Recently we had a good discussion of an interesting topic in Creating Infectious Action — a course I co-teach at Stanford. The conversation was about widgets and the unbundling of cool content from the url where it originated. Widgets — small, portable units that are essentially mini-windows onto an application or pieces of content — are turning out to be pretty cool ways to spread things way beyond the reach of a single site. The students have picked up on this and are building widgets instead of sites to increase the mobility and reach of their content / message. Here’s one example, powered by widgetbox (the specific project they are working on right now is for Global Giving, an online marketplace for philanthropic giving mostly focused on developing countries).
In hindsight, widgets are kind of like a fusion of ad publishing, affiliate networking, and lite application development. I really like that widget thinking is driving people to further break down the idea that high-traffic urls are the be-all-end-all and that products, services, and experiences can be unbundled, made portable and consumed in lots of places around the web. (It will be interesting to see how well the media companies adopt this idea. My hunch is that they will find it irresistable to try to control content and drive traffic back to their own urls. This would be flawed thinking to consider widgets to be ads rather than experiences unto themselves.)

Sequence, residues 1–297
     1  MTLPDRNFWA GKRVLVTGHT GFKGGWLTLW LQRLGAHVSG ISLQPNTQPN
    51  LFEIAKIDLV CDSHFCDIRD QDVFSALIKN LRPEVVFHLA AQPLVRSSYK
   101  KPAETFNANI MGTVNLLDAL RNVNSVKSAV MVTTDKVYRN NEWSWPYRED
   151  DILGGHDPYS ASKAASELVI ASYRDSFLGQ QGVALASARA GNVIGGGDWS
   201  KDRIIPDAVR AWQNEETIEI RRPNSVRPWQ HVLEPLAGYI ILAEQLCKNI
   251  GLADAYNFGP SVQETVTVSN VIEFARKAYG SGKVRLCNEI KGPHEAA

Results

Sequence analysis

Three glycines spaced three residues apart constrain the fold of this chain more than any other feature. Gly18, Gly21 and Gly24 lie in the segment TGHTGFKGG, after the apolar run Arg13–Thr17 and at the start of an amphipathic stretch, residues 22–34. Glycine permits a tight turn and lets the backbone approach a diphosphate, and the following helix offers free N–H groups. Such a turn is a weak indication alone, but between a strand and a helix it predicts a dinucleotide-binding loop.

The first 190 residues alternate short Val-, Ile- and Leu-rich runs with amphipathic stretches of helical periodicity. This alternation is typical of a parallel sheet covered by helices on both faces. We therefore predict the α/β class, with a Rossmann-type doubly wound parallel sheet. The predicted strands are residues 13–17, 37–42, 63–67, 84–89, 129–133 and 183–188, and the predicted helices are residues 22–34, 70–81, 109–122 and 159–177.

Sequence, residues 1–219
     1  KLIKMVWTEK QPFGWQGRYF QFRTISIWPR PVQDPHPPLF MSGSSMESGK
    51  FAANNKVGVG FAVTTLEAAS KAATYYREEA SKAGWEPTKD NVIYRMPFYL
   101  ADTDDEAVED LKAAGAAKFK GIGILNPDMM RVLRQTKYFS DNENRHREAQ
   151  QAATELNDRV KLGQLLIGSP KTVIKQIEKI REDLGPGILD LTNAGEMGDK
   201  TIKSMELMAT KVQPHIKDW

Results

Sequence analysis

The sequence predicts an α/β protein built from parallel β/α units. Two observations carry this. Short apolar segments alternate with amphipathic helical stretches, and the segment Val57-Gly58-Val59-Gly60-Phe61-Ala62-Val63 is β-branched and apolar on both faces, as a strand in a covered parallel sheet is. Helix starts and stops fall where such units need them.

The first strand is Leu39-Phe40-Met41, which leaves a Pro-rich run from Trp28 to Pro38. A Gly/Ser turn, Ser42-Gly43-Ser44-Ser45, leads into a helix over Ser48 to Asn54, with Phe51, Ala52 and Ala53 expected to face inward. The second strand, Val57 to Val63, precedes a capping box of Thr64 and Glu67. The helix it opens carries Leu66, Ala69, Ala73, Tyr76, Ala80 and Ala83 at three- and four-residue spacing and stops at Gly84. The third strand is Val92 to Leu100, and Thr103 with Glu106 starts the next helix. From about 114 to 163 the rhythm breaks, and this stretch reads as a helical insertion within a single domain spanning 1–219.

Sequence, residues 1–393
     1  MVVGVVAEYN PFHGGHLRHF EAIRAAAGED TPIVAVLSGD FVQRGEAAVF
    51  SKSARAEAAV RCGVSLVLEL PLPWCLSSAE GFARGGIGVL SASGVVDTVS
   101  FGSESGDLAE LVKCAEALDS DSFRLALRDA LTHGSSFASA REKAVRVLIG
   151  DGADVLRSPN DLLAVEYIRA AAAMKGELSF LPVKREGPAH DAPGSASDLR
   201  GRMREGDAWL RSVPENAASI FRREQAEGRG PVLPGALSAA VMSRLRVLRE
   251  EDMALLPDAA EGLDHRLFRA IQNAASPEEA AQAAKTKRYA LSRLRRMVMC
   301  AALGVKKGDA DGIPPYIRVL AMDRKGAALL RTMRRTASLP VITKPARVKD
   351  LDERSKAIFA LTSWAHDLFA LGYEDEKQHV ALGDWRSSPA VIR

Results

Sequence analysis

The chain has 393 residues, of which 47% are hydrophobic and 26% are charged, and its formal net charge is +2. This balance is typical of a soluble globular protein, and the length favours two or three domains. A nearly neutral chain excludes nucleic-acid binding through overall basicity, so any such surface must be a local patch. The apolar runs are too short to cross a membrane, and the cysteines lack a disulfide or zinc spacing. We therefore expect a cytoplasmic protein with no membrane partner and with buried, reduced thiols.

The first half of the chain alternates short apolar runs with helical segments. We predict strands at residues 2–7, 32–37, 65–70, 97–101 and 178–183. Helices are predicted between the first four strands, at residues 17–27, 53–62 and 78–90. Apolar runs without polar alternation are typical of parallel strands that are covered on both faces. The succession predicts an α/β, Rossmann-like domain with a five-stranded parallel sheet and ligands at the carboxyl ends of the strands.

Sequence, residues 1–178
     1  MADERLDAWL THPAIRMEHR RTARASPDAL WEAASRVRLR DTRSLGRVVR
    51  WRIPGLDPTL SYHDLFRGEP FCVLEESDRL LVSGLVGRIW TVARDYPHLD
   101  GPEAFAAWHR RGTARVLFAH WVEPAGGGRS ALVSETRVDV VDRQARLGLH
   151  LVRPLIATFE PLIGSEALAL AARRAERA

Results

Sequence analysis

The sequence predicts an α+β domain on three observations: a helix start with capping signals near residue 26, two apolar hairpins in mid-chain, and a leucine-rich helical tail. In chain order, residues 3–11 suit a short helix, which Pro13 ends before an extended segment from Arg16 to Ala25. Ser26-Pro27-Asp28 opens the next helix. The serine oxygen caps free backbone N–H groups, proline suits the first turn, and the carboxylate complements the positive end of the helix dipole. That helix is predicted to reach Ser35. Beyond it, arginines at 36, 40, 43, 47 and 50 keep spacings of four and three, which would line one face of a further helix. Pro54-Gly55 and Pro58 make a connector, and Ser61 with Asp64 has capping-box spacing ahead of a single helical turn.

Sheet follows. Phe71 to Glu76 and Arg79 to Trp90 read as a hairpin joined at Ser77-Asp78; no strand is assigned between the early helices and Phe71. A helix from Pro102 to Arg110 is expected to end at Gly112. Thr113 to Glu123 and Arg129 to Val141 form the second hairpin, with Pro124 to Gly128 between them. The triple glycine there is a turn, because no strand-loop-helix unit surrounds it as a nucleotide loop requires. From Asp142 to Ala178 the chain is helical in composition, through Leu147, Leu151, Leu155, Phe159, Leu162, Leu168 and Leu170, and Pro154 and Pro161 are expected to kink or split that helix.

There are a bunch of companies vying to power this for the masses. The one that’s impressed me the most is widgetbox.
They are taking a very open-market approach to widgets — lots of categories, user created widgets, enabling a great diversity of experiences for users, access to a marketplace and to creating widgets at the point of consumption (off their core site). I also think that Rockyou is doing a great job in the personal expression domain (although their homepage is incredibly painful to my aging ears), as is Slide. I know people at all these companies either personally or by reputation and they are a talented bunch. As always, the users are the winners when lots of smart people compete to meet their needs. That’s a good thing. So is the destruction of walled-garden thinking.